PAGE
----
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Posted on March 23, 2005 (5765) By Rabbi Label Lam | Series: | Level:

Why did Esther invite Haman, of all people to dine with her and King Achashverosh at the party? Here she had one silver bullet to save the entire Jewish People. She had risked her life to approach the king. The entire Jewish Nation had been fasting on her behalf for three days. Then she invited Haman the wicked oppressor of the Jews as the chaperone to her party? Would you or I have done such a thing?

Amongst the many reasons the Talmud tells us she had in mind is so “the Jewish People should not say that we have a daughter in the house of the king and their minds will become diverted from seeking mercy!” What does this mean?

We learn about the original battle with Amalek that when Moshe’s hands were raised that they were effective in their war efforts. However, when Moshe’s hands were down, then the battle with Amalek began to fail. The Mishne in Rosh HaShana asks if we are to believe that the hands of Moshe were the determining factor in success or failure? No! When Moshe’s hands were raised, though, the eyes of the Jewish People were vaulted to the heavens and their swords became disproportionately more powerful. When his hands were down then each was left to the limited power their sword alone and they began to falter.

Esther was concerned lest the people who had fasted so long on her behalf rely upon her. When they would get word that she had successfully reached the King, they might become prematurely jubilant. She understood that she had only been able to pass that giant hurdle because she was representing the fervent hopes of an entire nation. As an individual and under normal circumstances she should have been rejected entirely if not executed. Now she appeared in a weakened state after having fasted for three days herself. For sure she must have been having a bad a hair day and still she outshone all the wannobees. Miraculously she found grace in the eyes of the King.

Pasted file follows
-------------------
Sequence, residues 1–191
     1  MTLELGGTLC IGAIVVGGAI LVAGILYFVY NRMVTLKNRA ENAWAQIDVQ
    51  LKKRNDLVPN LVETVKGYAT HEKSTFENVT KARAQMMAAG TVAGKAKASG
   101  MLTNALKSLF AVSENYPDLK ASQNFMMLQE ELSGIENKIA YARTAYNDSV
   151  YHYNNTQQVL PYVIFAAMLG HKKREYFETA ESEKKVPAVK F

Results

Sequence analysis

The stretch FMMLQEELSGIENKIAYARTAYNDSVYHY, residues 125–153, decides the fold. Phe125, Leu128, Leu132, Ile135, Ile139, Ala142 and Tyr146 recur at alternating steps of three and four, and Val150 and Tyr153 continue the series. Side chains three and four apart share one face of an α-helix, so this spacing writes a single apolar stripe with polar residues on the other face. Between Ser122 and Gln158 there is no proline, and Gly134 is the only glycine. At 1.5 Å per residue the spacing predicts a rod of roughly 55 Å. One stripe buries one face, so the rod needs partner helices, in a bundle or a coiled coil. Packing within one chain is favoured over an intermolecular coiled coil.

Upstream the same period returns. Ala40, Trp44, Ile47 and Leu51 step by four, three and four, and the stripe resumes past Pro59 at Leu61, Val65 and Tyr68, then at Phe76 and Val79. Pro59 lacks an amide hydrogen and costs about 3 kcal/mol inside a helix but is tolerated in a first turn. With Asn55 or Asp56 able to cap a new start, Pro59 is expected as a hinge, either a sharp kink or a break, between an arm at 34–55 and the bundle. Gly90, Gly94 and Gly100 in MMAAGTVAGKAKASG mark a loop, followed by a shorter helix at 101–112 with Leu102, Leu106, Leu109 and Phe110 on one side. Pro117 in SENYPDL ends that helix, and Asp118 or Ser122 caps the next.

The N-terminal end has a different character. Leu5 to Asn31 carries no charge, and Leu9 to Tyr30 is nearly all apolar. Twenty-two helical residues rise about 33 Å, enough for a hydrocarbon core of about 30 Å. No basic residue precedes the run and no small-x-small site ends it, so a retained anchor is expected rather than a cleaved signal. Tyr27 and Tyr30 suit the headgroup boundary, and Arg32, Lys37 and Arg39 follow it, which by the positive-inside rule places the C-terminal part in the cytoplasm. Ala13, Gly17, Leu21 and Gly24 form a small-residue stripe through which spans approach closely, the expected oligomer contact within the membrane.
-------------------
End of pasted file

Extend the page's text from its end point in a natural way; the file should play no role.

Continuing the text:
This could only have happened in the merit of all that prayer. The greatest danger now would be if she would be abandoned, to be alone without her people’s prayer. She would be as ineffective as one of those swords with the hands of Moshe down. What would prop up the hands of Moshe now?

She therefore sought to portray herself as having betrayed them in the end. When they would perceive that she was consulting with Haman they would assume that she’s cutting a deal to save herself. Then the desperation of their outcry would grant the final burst of heavenly energy necessary to vanquish the beast.

The Chovos Levavos states in his introduction to the Gates of Trust a three part principle that may help crystallize the dynamic at play here. 1) It is impossible for a person to be free from worry unless he or she relies on HASHEM because 2) Someone who does not rely on HASHEM is by definition relying on something or someone else and 3) HASHEM leaves the person in the hands of that on which they are relying.

What does it mean to rely on something? Didn’t the Jewish people use real swords versus Amalek? Didn’t they send Esther to do their bidding? Perhaps we can draw a standard from the laws of prayer where we are told that one should not lean on anything when praying, not even a lectern. What is considered leaning on something? One should estimate if that thing would suddenly be removed, would he become destabilized?

Esther understood that if they would lean upon her too heavily then, since we are left in the hands of whatever we trust, she was fearful not to spare her reputation but rather her nation. A sword alone is just a sword, and even the most articulate lobbyist may be just another solo voice ignored. However, with the prayers of a nation blowing wind in her sails, a delicate agent may yet become a major player. Text Copyright &copy 2005 by Rabbi Label Lam and